Spousal conflict – Whether the problem is centered around general disagreements, abuse or neglect, or other wrongdoing, spouses often benefit from family therapy because of the use of restorative justice to encourage empathy and understanding. The social worker doing the counseling can also be highly beneficial as a mediator in this case, because they can offer an objective, third-person perspective on the issues presented.

Social Justice – Social workers play their part in social justice efforts as well, providing resources and advice to disenfranchised members of society. The aim of restorative justice in this case is to stop discrimination against a client by an institution with clear and open communication.

Schools – School settings are one of the most consistent in terms of environments where restorative justice is already in practice. When one student wrongs another, learning the impact of their actions in a calm, moderated discussion with the victim is crucial to developing responsibility.

These are just a few common examples in which a social worker may apply the restorative justice method. Note that, in cases where the offender is facing legal consequences, restorative justice can still be used to empower both victim and offender to move forward.

Steps for a Productive Meeting 

What does an effective meeting look like when using the restorative justice method? The circumstances surrounding the incident, as well as the people involved in it, may change the framework slightly. The overall concept, however, remains the same: encourage empathy, understanding, and reconciliation through open communication.

It can be tempting to “referee” the conversation, as a social worker who wants to help, but it’s vital to allow each party the chance to speak sincerely. Social workers in this instance are background moderators, not active participants. There are generally four points, however, that each meeting must address for the restorative justice model to be most effective. If the participants don’t arrive at them on their own, social workers can gently direct the conversation:

      • Explain the impact of the offender’s actions. Introduce the participants, thank them both for agreeing to the meeting, and remind each one to treat the other with respect. Ask the victim to explain to the offender how the incident affected them.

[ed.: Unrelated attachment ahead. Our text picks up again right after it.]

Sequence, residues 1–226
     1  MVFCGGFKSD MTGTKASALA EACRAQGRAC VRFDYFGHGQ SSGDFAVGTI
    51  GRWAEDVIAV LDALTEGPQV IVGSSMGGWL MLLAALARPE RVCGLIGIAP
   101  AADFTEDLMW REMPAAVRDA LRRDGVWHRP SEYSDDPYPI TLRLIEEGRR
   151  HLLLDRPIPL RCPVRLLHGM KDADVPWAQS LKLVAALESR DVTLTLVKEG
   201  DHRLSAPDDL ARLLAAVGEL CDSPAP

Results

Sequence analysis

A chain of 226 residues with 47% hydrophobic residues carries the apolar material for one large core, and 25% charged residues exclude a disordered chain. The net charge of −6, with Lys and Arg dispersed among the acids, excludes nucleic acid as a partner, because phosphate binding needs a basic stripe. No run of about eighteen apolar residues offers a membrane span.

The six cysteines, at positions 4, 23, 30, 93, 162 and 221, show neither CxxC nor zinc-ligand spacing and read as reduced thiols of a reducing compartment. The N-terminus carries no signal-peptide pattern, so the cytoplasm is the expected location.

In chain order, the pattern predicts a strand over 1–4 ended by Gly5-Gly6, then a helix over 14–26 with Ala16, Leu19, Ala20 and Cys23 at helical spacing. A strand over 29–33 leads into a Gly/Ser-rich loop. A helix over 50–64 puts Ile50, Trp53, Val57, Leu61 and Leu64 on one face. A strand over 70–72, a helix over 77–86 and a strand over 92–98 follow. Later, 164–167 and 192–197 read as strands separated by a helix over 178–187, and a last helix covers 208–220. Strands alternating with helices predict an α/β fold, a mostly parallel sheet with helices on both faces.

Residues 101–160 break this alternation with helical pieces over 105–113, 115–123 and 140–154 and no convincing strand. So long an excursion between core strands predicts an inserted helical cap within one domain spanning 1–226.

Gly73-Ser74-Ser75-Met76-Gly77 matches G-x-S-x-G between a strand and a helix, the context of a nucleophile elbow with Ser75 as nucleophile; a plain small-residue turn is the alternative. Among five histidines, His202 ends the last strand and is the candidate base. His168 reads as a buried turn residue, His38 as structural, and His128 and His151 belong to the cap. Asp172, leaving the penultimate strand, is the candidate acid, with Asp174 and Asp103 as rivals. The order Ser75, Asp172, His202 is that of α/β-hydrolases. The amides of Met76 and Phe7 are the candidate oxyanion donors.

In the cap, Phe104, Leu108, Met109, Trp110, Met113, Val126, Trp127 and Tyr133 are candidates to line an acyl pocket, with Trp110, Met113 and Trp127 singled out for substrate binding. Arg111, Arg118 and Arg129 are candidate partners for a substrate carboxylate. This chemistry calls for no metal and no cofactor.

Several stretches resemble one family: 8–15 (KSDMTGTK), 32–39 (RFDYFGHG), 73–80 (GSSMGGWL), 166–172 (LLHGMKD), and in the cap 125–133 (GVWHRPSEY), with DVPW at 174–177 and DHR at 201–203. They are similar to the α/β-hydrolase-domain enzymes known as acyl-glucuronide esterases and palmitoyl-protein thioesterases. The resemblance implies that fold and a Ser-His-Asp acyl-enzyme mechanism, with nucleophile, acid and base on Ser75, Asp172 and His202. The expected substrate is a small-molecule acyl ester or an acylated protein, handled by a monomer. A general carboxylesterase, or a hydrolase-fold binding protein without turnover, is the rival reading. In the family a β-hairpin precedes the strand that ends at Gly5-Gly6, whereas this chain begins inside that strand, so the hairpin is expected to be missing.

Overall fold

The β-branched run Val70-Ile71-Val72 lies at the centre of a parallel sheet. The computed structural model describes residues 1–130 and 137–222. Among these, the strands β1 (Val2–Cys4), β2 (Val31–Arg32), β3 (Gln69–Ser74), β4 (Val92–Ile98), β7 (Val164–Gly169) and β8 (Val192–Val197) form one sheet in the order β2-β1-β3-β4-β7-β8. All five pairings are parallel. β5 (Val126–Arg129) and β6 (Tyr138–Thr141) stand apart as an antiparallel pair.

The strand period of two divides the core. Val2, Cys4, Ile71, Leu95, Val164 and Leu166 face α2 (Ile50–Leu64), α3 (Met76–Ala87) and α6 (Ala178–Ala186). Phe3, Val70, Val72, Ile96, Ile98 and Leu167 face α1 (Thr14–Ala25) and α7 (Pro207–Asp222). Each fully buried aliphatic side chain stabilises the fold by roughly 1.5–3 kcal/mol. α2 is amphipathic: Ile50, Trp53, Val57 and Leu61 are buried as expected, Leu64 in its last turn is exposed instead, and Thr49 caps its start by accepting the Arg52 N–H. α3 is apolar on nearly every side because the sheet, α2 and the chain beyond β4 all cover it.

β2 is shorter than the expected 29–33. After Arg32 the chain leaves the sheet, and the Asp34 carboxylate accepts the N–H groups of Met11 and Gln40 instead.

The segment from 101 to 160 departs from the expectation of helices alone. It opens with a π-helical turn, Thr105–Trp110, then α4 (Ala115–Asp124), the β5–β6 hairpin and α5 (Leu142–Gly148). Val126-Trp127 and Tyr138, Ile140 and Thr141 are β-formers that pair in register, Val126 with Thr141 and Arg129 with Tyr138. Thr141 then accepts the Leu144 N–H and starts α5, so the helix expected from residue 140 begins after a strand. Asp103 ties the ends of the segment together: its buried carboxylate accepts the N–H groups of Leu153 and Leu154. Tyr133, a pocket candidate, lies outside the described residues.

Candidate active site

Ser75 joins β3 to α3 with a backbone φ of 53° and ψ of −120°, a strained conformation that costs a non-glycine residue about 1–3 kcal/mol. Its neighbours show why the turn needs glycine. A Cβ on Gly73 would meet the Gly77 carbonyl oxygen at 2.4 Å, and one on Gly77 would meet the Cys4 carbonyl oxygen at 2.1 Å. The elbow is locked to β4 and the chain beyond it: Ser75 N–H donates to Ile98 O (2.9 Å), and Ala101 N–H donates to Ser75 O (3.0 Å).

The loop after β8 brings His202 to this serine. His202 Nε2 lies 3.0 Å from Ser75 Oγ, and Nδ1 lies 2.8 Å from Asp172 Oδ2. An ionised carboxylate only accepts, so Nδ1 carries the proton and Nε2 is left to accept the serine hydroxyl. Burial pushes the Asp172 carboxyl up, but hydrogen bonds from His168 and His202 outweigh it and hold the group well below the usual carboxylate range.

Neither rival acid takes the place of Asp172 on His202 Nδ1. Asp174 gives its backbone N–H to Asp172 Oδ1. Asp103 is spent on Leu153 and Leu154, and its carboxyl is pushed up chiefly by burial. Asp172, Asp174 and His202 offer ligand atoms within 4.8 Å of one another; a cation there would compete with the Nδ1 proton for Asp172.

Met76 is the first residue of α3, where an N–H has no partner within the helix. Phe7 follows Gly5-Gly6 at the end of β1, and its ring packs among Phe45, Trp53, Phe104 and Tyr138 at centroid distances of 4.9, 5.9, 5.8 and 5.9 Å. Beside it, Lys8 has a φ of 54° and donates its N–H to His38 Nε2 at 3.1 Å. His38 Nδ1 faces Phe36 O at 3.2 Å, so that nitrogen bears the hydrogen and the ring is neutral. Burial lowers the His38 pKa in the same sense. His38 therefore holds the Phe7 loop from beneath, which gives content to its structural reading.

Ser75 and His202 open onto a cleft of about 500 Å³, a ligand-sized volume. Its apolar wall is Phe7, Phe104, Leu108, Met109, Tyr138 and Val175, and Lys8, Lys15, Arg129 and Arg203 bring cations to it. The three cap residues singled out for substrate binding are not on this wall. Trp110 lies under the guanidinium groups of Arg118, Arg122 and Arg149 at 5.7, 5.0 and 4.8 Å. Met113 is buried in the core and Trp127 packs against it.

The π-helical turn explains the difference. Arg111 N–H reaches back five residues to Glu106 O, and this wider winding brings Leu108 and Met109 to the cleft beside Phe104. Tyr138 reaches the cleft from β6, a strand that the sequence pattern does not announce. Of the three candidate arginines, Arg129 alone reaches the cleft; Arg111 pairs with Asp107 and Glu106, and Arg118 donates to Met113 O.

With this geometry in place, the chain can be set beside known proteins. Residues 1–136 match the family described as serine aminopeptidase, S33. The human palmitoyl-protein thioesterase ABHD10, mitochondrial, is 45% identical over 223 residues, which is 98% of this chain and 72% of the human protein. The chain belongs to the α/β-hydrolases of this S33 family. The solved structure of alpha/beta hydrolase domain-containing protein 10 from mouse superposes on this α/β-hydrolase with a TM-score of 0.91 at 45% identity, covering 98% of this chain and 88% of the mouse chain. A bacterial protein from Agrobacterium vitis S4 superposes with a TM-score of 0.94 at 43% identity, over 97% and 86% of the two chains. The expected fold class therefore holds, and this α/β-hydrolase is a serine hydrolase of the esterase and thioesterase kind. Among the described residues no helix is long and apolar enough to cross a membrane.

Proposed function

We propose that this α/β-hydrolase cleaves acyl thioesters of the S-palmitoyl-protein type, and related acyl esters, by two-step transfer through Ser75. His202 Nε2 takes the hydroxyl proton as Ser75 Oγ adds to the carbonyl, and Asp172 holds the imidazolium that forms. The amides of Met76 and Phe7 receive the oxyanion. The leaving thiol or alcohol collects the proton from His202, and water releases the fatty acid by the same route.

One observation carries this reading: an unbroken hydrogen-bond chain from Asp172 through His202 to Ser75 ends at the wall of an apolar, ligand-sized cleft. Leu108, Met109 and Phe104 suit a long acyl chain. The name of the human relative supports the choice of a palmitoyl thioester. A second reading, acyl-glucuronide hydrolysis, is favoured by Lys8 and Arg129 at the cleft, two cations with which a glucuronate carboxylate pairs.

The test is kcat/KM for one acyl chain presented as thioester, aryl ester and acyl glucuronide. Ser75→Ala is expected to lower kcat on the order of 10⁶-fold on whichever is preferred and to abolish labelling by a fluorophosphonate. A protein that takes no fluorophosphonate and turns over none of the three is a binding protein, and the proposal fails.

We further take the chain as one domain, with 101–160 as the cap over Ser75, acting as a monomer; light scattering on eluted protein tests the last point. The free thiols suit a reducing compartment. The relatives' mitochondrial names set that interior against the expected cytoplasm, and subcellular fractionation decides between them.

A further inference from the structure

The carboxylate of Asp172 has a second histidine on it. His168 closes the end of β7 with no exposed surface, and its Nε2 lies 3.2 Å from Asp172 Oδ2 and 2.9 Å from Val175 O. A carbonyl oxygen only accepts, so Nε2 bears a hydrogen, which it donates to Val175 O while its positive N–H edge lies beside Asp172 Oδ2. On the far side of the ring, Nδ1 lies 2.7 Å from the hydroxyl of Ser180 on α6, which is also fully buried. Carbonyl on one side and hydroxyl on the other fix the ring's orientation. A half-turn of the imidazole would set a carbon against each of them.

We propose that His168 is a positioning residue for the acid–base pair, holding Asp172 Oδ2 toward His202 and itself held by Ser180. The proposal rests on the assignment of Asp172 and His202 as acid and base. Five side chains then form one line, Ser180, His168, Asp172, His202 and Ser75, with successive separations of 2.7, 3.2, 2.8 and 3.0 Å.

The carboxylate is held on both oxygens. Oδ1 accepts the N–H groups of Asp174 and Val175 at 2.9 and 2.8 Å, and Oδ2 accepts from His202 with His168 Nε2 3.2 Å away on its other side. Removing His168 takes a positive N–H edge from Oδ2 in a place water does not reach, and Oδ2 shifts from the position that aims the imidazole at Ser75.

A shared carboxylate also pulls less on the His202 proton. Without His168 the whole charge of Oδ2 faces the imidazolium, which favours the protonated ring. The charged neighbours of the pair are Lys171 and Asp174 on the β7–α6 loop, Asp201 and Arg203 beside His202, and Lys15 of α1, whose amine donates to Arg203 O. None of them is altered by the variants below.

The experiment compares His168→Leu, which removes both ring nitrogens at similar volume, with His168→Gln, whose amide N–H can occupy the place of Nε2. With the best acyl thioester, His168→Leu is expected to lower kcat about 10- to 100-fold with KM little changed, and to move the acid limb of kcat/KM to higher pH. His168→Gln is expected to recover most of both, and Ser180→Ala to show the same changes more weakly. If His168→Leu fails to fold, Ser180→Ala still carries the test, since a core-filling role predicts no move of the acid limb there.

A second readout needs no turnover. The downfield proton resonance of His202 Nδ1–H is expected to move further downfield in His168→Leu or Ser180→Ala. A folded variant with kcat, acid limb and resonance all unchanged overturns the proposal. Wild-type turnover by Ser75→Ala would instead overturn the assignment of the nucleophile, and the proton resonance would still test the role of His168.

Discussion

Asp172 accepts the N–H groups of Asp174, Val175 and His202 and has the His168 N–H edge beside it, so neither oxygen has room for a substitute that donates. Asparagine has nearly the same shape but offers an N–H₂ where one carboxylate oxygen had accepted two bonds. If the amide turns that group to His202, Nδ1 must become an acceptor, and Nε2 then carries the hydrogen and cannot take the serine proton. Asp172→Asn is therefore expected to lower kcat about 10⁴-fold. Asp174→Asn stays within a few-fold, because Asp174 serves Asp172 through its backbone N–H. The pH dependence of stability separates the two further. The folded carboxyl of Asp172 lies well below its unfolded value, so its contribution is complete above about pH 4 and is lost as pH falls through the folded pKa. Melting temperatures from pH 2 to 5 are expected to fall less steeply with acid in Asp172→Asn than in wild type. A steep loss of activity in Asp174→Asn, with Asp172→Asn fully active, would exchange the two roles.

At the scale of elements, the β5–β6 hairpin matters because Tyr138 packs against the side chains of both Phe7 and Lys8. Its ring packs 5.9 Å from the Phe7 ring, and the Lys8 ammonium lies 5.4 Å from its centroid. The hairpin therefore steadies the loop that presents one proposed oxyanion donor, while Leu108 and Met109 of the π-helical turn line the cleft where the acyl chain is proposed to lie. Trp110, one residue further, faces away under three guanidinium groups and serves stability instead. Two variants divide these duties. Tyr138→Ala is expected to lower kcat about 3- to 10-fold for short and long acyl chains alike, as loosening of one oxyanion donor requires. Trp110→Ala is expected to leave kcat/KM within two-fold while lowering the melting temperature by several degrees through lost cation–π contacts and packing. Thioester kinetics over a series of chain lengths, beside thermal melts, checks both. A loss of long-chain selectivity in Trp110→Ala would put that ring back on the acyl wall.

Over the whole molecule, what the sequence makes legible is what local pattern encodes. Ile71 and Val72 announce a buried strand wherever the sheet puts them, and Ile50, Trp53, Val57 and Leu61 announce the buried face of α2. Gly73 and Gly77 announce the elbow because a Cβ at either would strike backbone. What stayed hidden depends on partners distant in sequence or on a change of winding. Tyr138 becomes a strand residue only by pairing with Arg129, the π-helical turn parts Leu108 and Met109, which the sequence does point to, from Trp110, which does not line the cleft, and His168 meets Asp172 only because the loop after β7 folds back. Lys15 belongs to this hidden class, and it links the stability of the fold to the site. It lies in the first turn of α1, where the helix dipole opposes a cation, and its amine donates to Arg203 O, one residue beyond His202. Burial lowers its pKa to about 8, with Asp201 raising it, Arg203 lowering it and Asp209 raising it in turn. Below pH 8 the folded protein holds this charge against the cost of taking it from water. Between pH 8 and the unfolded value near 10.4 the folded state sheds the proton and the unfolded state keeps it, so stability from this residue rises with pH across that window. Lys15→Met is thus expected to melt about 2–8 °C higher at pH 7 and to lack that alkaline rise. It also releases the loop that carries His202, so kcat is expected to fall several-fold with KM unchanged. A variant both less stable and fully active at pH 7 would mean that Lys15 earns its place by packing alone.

• Open a productive dialogue between the offender and the victim. It can be uncomfortable for the offender at this stage, having just been reminded of their wrongdoing, so it’s important to move the conversation forward. Ask the offender if they could explain a little about how they felt at the time, and then let the conversation take its natural course from there.
      • Create an opportunity for personal reparation. It’s important not to force
        this step, because doing so will take away from the offender’s sincerity. Oftentimes, reparation will occur naturally, taking the form of a sincere apology, payment, or anything specific to the incident (offering to repair or replace vandalized property, for example). If the conversation strays, however, light prompting may be useful in creating this opportunity.
      • Conclude the discussion and, if applicable, proceed with punishment. As mentioned, restorative justice can be used with punishment-based models if appropriate. After the above steps have been accomplished, thank each participant and state the offender’s punishment. Doing so in front of both parties gives closure to the victim while justifying the punishment for the offender.

When properly applied, restorative justice brings a measure of closure and dignity to both parties involved that punitive measures can’t. As long as social workers remember to prioritize honesty, empathy and understanding when using this method, they will gain lifelong access to a powerful tool.

Tim Kalantjankos

BS Sociology| University of Nebraska at Omaha

AS Physical Therapy | Clarkson College

July 2019